“We have two internal teams in cash and fixed income, where I think TCorp does have a comparative advantage over the market,” he said.
“We won’t be bringing equity management in-house, we won’t be bringing international bonds in-house.”
The new structure centres on the investment advisory team, which tries to understand the investment objectives and risk appetite of each of the three main clients: Treasury, State Super and icare.
“Our new structure is set up for our multi-client environment, which is why that first team of investment advisory is the central engine room where the majority of those consistent processes will go on,” Brentnall said.
Once clear objectives and boundaries have been set, the advisory team passes them on to the portfolio construction team for implementation.
Also under the new structure, partner selection is centralised rather than being left to each individual asset class. It will also work more collaboratively with the portfolio construction team.
“Portfolio construction is not done independently in equities, bonds and alternatives and other sectors where the sectors don’t talk to each other as much as they should do and the sectors don’t talk to the centre as much as they should do,” Brentnall said.
Exposure management is about internalising cash-flow instructions and implementation, while the environmental, social and governance (ESG) team will work across the whole portfolio.
“The stewardship and ESG function has an output that is pervasive across everything we do,” Brentnall said.
“So it is not that we have a product shelf outcome that that team produces; we believe in integration and we believe in seeing the benefits of that in everything we do.”
The road is not without obstacles though, Brentnall warned. In preparing the project plan for the amalgamation, he identified a series of pitfalls that could derail the new structure from being embraced by the wider organisation.
“Once you get to where we are and you’ve designed a nice little project plan which is very clear about what we want to do, has lots of sheets of paper with charts and time horizons and milestones, then it gets difficult. Why is that?” Brentnall said.
First of all you need a clear reason for change, he said. “I called it the problem statement. Quite often you don’t see a clear enough problem statement before a project has even started,” he said.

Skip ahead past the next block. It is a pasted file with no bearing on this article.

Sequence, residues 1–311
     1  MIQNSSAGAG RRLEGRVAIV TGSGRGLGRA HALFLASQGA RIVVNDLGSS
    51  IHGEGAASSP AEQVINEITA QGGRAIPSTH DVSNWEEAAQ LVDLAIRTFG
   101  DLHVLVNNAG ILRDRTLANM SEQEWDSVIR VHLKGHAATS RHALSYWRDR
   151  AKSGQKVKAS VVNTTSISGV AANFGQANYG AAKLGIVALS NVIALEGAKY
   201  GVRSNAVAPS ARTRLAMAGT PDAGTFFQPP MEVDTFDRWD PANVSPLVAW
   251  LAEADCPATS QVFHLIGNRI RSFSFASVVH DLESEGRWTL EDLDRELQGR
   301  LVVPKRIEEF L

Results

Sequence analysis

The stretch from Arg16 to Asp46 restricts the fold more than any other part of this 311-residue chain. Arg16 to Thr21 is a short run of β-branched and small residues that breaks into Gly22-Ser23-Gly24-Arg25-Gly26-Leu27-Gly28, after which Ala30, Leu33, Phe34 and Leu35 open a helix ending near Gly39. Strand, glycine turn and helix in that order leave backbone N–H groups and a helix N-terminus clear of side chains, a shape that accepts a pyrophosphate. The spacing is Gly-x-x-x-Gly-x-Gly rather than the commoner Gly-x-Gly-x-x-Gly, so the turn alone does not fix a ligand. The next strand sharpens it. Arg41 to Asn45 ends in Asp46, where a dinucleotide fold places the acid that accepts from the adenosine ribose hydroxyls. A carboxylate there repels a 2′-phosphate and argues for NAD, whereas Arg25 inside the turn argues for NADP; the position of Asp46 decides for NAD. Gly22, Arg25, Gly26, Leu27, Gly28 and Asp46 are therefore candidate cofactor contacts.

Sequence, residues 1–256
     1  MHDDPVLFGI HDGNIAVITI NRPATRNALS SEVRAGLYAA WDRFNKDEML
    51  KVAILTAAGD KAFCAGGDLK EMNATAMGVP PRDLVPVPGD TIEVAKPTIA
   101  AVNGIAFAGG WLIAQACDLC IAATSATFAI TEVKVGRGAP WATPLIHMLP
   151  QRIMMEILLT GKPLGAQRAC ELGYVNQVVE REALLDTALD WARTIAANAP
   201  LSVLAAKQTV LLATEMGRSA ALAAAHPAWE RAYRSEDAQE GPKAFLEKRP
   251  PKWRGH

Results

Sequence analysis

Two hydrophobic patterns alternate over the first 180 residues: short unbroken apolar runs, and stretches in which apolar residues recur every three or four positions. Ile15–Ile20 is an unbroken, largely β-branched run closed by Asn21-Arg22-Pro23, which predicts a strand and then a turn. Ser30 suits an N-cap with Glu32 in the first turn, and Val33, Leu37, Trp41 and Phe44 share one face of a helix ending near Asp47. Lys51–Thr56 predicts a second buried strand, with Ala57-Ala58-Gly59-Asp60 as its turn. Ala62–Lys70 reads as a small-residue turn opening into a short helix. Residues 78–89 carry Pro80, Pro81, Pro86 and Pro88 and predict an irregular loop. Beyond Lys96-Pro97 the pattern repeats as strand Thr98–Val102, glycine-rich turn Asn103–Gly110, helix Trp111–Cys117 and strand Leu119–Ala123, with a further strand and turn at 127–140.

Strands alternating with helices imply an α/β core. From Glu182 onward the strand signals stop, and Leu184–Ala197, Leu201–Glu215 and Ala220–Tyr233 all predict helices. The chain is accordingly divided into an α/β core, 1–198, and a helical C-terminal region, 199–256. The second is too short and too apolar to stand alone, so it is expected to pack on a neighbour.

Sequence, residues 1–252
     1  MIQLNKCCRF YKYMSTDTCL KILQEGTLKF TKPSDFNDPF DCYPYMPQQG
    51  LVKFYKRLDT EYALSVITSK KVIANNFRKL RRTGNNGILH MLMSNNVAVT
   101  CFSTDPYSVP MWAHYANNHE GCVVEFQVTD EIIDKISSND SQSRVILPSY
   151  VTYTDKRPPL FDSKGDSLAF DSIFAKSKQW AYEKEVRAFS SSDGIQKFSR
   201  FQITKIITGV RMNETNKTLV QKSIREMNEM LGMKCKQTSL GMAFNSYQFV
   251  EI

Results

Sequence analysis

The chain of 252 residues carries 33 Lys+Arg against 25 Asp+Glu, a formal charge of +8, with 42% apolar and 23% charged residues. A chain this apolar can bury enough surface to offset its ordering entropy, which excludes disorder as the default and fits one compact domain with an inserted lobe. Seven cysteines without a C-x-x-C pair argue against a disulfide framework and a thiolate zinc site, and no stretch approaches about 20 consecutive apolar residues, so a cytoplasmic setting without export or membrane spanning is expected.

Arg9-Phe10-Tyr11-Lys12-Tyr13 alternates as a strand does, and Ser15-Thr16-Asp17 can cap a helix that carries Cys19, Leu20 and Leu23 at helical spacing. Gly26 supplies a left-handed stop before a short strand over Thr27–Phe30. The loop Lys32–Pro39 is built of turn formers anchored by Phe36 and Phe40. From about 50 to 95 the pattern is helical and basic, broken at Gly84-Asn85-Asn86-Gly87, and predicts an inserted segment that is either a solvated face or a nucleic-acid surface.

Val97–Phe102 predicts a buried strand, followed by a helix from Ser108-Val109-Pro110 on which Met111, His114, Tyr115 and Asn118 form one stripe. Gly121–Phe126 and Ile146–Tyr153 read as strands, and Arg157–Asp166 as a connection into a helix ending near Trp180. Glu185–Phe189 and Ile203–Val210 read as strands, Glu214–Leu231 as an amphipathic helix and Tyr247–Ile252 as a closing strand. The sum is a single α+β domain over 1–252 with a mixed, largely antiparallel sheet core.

Management also needs to clearly articulate the reasons for change and get staff to buy into the project. “Pretty basic, but you’d be surprised how often that happens and has happened in corporate examples,” Brentnall said.
Often projects like these also suffer from a lack of implementation and get stuck at the planning stage. “Talking has to stop and action has to start. This is moving from that project plan on a piece of paper to seeing a well-managed plan that has clear thoughts and clear plans for an actual execution,” Brentnall said.
Some change models are not fit for the organisation, so it is important to ensure you’ve got to have the right horse for each course. Some change plans are simply incomplete and lack an end-to-end schedule. “Each step has to be thought of and each dependency both up and downstream needs to be thought about really carefully,” Brentnall said.
Finally, the impact of permanent changes are often underestimated and management style and team culture need to adjust. “What does moving on mean? Does it mean we are moving to the new model or does it mean actually we are going back to the old model,” Brentnall said.
To prevent this, the executive team and leadership needs to be closely involved in the change program. “Often leaders remain too far removed from the change. Leaders should not delegate to project managers and delivery executives to run, live and advocate a project,” Brentnall said.
The amalgamation has created a new entity that manages about $94 billion and once the NSW Generations Fund is seeded, as announced in the recent budget, it will go to $97 billion.